There are places and events which remain in the collective imaginary for eternity: La Tour Eiffel; the Northern Lights; il Colosseo; Cirque du Soleil; Rio de Janeiro’s Carnival; Wimbledon.
Some are better known in certain circles, like motorsport and automotive shows: Goodwood Festival of Speed (UK); Villa d’Este (Italy); the Monterey weekend (California).
But what do they have in common?
Passion, for a start: some architectonic masterpieces and venues may have objective beauty on their side, but it is always the people involved which make an event, or a place, memorable. Building memories takes time, and so does developing and nurturing an annual ‘luxury lifestyle’ party.
London-based Salon Privé (literally, “private room”) is therefore anything but ‘private’. It is a public party, which retains the Privé aura only insomuch as it is open to a select number of guests, who come to share in the delights of special, rare and usually expensive motorcars and other objets d’art.
Two main challenges arise from a summer party of this magnitude: one, the practical matter of organising the event itself. Managing those involved, finding the ideal backdrop, persuading classic and supercar owners as well as luxury brands to participate, creating the perfect blend of desire and attainment, dealing with pedestrian needs such as food and drink by lifting them to the status of premium entertainment (lobster and champagne, of course)… these are all activities which weave the very fabric, but – on their own – do not make the outfit.
The second challenge is infusing an event with the personality it needs. To become THE summer party of the year, in a country as sophisticated as the UK and in a city as demanding and spoilt for entertainment as London, a luxury social event must involve its guests on an individual level, either by proxy (hence the success of shows such as Goodwood Festival of Speed, where spectators enjoy, ‘second hand’, the fun had by those who race, or ogle celebrities at the same event) or directly, by stimulating the guests’ interest and passions.
Salon Privé makes no excuses about being privé in its deliverance. The entrance price is high, but so are the stakes. There is nothing democratic or tugging at the family heartstrings. You won’t find a single merry-go-round or helter-skelter on the beautifully manicured lawns of Syon House, where, incidentally, the event moved last year, after a longish relationship with the Hurlingham Club (which – ironically – does have a private playground for the members’ children).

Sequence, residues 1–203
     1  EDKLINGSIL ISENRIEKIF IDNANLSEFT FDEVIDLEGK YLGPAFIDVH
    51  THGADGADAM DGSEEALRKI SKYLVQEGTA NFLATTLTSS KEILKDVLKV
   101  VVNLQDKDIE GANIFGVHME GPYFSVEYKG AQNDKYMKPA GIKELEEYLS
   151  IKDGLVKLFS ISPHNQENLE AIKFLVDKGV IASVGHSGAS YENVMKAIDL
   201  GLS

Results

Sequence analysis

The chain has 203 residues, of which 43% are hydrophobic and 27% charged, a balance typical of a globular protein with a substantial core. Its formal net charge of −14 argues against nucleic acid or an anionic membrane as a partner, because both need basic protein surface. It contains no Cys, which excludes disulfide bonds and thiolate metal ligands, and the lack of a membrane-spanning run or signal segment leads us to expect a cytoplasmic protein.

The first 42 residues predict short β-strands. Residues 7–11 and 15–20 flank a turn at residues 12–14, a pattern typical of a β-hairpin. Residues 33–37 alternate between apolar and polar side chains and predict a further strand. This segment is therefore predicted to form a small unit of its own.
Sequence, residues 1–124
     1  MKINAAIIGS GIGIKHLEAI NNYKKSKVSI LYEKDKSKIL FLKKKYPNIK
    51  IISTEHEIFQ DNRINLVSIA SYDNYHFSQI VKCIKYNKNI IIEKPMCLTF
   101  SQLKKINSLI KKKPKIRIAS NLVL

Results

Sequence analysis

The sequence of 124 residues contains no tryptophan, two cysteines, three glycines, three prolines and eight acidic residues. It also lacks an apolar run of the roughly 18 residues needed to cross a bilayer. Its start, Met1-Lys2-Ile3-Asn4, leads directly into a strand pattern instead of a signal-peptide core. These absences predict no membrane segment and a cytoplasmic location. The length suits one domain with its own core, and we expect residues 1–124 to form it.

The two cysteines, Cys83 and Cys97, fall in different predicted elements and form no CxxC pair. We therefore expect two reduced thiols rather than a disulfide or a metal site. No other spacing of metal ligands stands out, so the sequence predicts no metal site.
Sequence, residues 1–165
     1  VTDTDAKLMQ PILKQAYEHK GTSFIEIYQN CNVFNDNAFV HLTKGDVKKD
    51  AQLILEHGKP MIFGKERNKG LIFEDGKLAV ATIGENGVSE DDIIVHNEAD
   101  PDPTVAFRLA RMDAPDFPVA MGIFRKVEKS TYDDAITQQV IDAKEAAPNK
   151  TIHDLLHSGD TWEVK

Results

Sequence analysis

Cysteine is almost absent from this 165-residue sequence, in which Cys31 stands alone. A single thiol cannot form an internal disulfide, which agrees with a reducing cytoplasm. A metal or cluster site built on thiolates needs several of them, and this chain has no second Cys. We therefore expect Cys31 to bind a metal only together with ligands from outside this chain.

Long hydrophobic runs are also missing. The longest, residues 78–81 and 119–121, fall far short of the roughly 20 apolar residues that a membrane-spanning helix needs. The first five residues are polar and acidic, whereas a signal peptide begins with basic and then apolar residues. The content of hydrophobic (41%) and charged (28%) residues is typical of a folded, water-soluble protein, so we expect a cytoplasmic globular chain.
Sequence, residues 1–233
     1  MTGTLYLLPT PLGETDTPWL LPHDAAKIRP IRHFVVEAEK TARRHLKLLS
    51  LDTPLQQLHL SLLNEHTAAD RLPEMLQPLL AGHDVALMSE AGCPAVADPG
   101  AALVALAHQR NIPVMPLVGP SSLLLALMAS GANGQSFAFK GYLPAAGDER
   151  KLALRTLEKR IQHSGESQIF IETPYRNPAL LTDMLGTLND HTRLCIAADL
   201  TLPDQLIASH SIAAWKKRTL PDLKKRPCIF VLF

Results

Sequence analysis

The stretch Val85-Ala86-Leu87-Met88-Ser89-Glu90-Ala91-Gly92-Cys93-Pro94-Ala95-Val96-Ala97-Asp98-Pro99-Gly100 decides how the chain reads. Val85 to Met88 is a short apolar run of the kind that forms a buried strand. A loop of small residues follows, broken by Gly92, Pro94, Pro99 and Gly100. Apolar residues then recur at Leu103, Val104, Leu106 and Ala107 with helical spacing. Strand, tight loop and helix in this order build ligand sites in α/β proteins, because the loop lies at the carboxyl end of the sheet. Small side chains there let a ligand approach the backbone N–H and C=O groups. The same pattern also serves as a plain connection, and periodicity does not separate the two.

Salon Privé talks the language of luxury with a cut-glass accent; and why shouldn’t it? It has spotted a niche, an empty corner in the confusing and crowded room of events, shows and festivals. It has taken seven years to turn that corner into something unique and handcrafted.
True, there are no straw bales at Syon House to protect the public from the dangers of motorsport. There are no smoking tyres, no smell of Castrol R. Then again, it is hard to see any racing or real action from behind those straw bales and the crowds elsewhere: therefore, the only true enjoyment ultimately belongs to those who race, and spectators may just partake in the atmosphere.
That’s where Salon Privé excels: there is plenty of atmosphere, and it is all created and nurtured by the people involved. It is secluded, yet real and close; exclusive, yet easy to touch, see, and talk to.
As it branches out, and its Concours d’Elégance transmogrifies into a 21-mile Tour d’Elégance, a moving tableau of exceptional metal which then settles back again into a catwalk of vintage beauty, Salon Privé gets another step closer to belonging to the collective imaginary. Our very own Villa d’Este.
Credits: Images of Harriadnie Beau Phipps courtesy of Max Machu Photography.